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  1. #1
    Join Date
    Apr 2003
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    64

    Unanswered: When was each database last accessed?

    Hi!

    We host a lot of clients' databases and would like to avoid backing up those, that have not changed since the last backup.

    Does the server keep track of when each database was last accessed? Does it distinguish between merely accessing and modifying?

    Can this information be obtained via an SQL query (on some master..sys* tables, I presume)? Thank you!

  2. #2
    Join Date
    Sep 2005
    Location
    France, Paris
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    Hello,

    You can implement audit database, and check if any operation (delete, update, insert etc...) were performed into your customers databases since the last backup.

    But I strongly recommend to make regular backup, even if nothing was modified.
    Last edited by jflebon; 11-16-05 at 18:38.
    Regards.

  3. #3
    Join Date
    Apr 2003
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    64
    Quote Originally Posted by jflebon
    You can implement audit database, and check if any operation (delete, update, insert etc...) were performed into your customers databases since the last backup.
    This may be too much of a performance hit during user's normal operation... Is not the last login recorded somewhere?

    Quote Originally Posted by jflebon
    But I strongly recommend to make regular backup, even if nothing was modified.
    Why? What's the point? We keep 3 most recent backups anyway -- we just don't want to waste time re-doing them...

    Thank you for your response.

  4. #4
    Join Date
    Sep 2005
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    Why not to create a login trigger, feeding a table each time a login connect to a database ?
    This way you can check if there was a connection since the last backup.


    I don't know about the way you handle your backup (transaction log, on tape, disk, number of days keeping etc...), integrity check of databases, so it was a recommandation nothing more.
    It's just my own experience...
    Regards.

  5. #5
    Join Date
    Apr 2003
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    64
    Quote Originally Posted by jflebon
    Why not to create a login trigger, feeding a table each time a login connect to a database?
    Yes, that's what we, probably, will do. Is it safe to keep this table in the master database? In fact, I'm surprised, this is not done automatically by Sybase -- sysdatabases has the crdate and the dumptrdate, why not also the lastlogindate, or some such?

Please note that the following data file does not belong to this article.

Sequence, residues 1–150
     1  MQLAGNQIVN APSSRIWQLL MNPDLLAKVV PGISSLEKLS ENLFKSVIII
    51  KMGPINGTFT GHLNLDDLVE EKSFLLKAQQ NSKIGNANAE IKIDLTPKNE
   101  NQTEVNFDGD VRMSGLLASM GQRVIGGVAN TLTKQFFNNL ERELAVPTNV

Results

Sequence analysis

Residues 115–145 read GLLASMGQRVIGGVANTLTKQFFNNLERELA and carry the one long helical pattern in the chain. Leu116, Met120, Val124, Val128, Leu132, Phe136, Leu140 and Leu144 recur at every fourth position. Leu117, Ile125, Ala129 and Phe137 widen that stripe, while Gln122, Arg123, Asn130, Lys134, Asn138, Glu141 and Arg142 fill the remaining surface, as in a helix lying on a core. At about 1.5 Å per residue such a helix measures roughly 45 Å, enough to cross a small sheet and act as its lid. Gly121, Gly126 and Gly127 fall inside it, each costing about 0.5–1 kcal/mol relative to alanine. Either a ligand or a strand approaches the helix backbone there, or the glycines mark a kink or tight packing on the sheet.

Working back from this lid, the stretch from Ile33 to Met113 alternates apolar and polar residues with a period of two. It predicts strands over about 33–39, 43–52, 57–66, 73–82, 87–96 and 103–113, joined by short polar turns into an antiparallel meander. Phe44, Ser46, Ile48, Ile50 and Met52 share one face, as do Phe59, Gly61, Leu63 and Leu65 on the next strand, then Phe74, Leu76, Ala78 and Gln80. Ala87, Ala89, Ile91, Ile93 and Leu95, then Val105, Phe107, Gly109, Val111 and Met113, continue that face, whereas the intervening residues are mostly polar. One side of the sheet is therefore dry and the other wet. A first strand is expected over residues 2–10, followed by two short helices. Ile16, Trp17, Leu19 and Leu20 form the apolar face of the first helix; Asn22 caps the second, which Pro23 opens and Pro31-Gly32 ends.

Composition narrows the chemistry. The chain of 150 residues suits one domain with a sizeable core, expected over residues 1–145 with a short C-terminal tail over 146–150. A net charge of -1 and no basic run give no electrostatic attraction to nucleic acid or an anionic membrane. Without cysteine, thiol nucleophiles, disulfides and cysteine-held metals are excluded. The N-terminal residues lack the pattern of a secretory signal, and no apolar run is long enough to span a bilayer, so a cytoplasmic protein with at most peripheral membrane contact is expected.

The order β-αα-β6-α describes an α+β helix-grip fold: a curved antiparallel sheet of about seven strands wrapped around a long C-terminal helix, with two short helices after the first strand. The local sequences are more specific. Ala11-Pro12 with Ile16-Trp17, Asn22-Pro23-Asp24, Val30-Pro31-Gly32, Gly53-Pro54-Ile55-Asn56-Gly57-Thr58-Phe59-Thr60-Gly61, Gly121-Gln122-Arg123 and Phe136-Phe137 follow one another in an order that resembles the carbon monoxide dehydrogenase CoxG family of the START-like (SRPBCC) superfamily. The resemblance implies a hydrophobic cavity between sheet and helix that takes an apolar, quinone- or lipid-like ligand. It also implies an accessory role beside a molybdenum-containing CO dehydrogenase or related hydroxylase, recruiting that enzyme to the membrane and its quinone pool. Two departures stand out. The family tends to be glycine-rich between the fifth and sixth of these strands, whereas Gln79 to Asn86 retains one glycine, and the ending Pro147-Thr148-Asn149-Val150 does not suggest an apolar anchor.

This will not distinguish the read-only access from the modifications, but that's, probably, enough for us...

    Would you have an example of such a trigger handy? Thanks!

  6. #6
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    Sep 2005
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    Is it safe to keep this table in the master database? In fact, I'm surprised, this is not done automatically by Sybase -- sysdatabases has the crdate and the dumptrdate, why not also the lastlogindate, or some such?
    I do not recommend to keep it in master database or other system databases. You can still create a little database for your administration purposes only, with this table you can purge when you need.

    If there was such "lastlogindate" it could be nice of course, from v12.5 (correct me if I'm wrong) you have loggedindatetime column in master..sysprocesses, but only usefull unless the connection is ended.

    Quote Originally Posted by teterin
    This will not distinguish the read-only access from the modifications
    That's why I suggested audit database first. But depending the number of events you're auditing and the number of databases to audit, you have to be ready to handle it.
    Quote Originally Posted by teterin
    Would you have an example of such a trigger handy? Thanks !
    I think you can find an example here. You have to know that login trigger are supported from ASE v12.5
    Regards.

  7. #7
    Join Date
    Nov 2005
    Location
    Gex - France
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    15
    Hi,



    A login trigger feeding a table each time a login connect to a database don't tell you if there was some data modification.

    To solve that, you may also watch the number of lines in the SYSLOGS tables. But this will work only if the "trunc. log on check point" is not active.

  8. #8
    Join Date
    Jan 2003
    Location
    Geneva, Switzerland
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    353
    You might also consider using the MDA tables for this if you are on 12.5.0.3 or later.

    In particular the monOpenObjectActivity records writes on a per object basis. You could create a small database that sores the state of this table at various intervals and checks activity by DBID to determine which databases have had any activity.

    For a description of the MDA tables I'd suggest visiting http://www.sypron.nl/mda.html

    Michael

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